Photo by Hubble Ray Smith.
The way Rep. Michelle Ugenti-Rita figures it, no one ever died from a bad hair style or blow dry – at least not literally.
So the Scottsdale Republican wants to repeal a state law that says you can’t style hair in Arizona without at least 1,100 hours of training at a state-licensed school.
Ugenti-Rita said she was approached by lobbyists for Drybar, a decade-old national firm that specializes in quickie blowouts. That can include everything from a shampoo to simply putting someone’s hair up with pins.
The firm already has three locations in the state.
Only thing is, to do even just that in Arizona requires a state license, something Ugenti-Rita said could cost close to $10,000.
“When they told me about the scope of their business, you could clearly see that it was an impediment to them hiring, and for someone to be hired, simply to hire them for blowing out hair – blowouts they’re called – and style,” she said. Ugenti-Rita said what’s being done there is far different than a beauty salon.
“You can’t even get hair cutting,’’ she said. “They don’t have scissors there.”
Nor do they do things like hair coloring or use chemicals to make a perm.
“They blow it out, style, arrange, they curl,” Ugenti-Rita said. “Maybe they use some bobby pins.’”
Bottom line, she said, is her belief that nothing being done there should require a state-issued license.
“I don’t see a public health or safety issue,” she said.
Debbie Foresta, six-year owner of Grand Central Salon in downtown Kingman, said she has three licenses to operate her salon, including certification from the Arizona State Board of Cosmetology.
“When I went to school, the No. 1 thing was sanitation, over and over. If I washed someone’s hair, I would have to clean the sink before I wash your hair. Everything’s about sanitation, sanitation, sanitation,” she said.
Foresta said she had to travel to Tempe to take practical and written tests on chemicals used in hairdressing and blood circulation.
“What about all the people who went to school to cut hair? We can do more. I’m licensed to touch people. I could be an aesthetician,” she said.
Ugenti-Rita’s HB 2011 would create an exception from licensing for those who “dry, style, arrange, dress, curl, hot iron or shampoo and condition hair” as long as there are no “reactive chemicals to permanently straighten, curl or alter the structure of the hair.”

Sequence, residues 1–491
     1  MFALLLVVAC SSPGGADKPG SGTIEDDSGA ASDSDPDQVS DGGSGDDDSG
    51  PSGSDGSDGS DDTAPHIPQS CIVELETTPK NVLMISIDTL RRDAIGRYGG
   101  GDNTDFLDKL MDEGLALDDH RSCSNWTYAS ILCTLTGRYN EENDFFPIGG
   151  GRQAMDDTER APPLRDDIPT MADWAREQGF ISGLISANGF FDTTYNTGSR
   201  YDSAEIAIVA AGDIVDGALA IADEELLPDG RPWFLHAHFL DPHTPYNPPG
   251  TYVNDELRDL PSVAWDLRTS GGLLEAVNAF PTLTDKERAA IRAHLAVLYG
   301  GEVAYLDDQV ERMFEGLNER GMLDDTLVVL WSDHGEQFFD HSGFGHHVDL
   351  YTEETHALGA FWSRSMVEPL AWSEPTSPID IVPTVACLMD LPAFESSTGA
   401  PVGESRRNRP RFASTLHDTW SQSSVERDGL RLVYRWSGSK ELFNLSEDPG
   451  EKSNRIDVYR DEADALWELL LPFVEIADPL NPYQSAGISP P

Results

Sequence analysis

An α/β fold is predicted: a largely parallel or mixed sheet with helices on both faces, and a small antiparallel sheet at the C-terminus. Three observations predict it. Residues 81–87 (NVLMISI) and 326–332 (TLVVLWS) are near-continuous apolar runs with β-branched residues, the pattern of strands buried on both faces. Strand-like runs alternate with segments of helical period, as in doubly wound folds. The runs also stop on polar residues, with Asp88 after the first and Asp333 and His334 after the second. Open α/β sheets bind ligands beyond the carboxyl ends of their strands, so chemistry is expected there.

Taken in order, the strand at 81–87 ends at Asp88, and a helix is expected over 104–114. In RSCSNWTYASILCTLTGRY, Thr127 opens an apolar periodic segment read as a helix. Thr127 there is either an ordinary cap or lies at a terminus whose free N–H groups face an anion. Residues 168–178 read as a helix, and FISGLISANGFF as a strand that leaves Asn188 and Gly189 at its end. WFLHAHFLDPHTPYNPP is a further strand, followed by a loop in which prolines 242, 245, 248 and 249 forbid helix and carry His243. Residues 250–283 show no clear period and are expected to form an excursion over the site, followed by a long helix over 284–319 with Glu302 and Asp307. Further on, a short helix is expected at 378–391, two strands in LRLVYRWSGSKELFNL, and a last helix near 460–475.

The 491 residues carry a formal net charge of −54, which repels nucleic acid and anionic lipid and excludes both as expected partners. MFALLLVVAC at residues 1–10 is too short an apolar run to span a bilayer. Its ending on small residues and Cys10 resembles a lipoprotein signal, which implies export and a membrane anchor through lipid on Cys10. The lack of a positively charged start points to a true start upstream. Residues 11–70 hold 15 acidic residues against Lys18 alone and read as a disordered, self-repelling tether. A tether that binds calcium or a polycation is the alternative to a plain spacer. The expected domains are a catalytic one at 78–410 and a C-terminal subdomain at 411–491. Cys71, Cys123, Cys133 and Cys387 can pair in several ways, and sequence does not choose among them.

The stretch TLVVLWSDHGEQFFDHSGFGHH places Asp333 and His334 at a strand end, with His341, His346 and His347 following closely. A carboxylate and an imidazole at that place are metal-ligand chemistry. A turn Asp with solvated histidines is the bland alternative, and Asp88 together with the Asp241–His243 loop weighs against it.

“The worst that can happen is you don’t like the way your hair is styled,” Ugenti-Rita explained, as there would be no cutting and no permanent change to someone’s hair.
Prior efforts to create exemptions have been met with sometimes fierce opposition from the cosmetology community – the people who already have the licenses and the board that regulates them, which is dominated by those in the field and those who teach at schools which are now the precursors of licensing.
As far back as 1983, Douglas Norton, who was the state auditor general at the time, recommended to lawmakers that they scrap all laws requiring licenses of all cosmetologists or barbers.
“Licensing is not justified because of possible harm from the use of barber implements or chemical solutions because such items are readily available to and routinely used by the general public,” Norton said. But legislators ignored the report amid stiff opposition from the regulated community.
There has been some move toward deregulation more recently, albeit on a piecemeal basis.
In 2004, over the objection of cosmetologists, lawmakers decided that people who only braid hair for a living no longer have to be licensed.
Seven years later, the board agreed to stop trying to regulate “threading,” the practice of using thread to pluck eyebrows. But that came only after the Institute for Justice filed suit.
And earlier this year, Gov. Doug Ducey personally interceded when the board sought to shut down the operation of Juan Carlos Montes de Oca for giving free haircuts to the homeless in a Tucson park.
There was no immediate response from the cosmetology board to the proposal.
Gubernatorial press aide Daniel Scarpinato said his boss has not yet seen the measure. But he suggested the proposal would get the approval of his boss if it makes its way through the Legislature.
“The governor’s bias would be toward making it easier for people to do it, especially if we’re not talking about anything that would jeopardize public health or safety,” Scarpinato said.
“We’d want to know the details and talk to the people that are dealing firsthand with it,” he continued. “But if we can get more people who otherwise would not be able to get hired for a job in there without them having to spend a lot of money on fees or education, that’s something the governor would be very much in favor of.”
-Kingman Daily Miner reporter Hubble Ray Smith contributed to this article.